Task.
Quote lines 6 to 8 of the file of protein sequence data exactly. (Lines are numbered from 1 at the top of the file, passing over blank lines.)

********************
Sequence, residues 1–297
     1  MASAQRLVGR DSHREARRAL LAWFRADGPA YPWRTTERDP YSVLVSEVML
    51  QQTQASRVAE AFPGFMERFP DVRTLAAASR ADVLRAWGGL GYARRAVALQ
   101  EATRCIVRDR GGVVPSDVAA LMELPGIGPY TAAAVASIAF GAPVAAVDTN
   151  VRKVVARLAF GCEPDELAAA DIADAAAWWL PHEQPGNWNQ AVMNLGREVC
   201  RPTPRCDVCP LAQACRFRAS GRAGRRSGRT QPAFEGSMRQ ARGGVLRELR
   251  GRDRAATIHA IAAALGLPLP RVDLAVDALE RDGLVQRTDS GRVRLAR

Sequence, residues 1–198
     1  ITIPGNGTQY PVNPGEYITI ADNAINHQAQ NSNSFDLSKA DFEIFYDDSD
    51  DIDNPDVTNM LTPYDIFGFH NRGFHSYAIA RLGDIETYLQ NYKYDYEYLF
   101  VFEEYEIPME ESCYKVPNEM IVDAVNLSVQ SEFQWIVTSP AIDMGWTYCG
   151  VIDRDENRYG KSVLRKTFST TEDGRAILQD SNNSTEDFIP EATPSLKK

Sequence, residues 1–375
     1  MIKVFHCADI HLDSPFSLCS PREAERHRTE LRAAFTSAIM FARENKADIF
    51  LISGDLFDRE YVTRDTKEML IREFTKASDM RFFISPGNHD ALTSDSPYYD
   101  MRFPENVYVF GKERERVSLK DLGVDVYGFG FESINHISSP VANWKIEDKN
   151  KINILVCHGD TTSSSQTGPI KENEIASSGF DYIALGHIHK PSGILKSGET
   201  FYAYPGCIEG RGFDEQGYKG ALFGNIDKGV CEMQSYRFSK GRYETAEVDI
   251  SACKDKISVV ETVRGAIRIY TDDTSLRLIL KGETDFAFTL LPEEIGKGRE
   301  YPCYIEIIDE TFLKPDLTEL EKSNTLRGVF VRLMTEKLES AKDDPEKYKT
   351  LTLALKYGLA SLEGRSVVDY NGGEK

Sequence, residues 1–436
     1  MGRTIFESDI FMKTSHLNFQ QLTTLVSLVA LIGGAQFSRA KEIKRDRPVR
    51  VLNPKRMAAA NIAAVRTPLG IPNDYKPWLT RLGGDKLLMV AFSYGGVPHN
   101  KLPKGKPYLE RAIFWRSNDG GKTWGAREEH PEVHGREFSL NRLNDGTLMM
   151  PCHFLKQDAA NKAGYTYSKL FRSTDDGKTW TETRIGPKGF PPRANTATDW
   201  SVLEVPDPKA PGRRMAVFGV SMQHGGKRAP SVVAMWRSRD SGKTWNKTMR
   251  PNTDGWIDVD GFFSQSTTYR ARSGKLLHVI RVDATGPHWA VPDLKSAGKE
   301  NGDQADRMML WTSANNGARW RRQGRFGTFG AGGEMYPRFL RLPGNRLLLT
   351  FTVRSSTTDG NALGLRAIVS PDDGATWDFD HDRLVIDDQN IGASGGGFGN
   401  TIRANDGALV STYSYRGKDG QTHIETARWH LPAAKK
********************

   201  RPTPRCDVCP LAQACRFRAS GRAGRRSGRT QPAFEGSMRQ ARGGVLRELR
   251  GRDRAATIHA IAAALGLPLP RVDLAVDALE RDGLVQRTDS GRVRLAR

Sequence, residues 1–198